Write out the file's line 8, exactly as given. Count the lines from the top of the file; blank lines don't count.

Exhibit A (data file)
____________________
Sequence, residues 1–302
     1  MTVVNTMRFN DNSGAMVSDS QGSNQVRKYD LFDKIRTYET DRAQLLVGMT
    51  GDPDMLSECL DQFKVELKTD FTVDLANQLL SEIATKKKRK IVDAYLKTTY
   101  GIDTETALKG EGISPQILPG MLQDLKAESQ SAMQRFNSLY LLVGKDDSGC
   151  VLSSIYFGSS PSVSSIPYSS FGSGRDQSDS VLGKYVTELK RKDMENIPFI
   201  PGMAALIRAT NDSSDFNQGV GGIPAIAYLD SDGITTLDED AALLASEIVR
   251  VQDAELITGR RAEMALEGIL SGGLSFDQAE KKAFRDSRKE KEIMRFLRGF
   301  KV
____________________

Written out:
   301  KV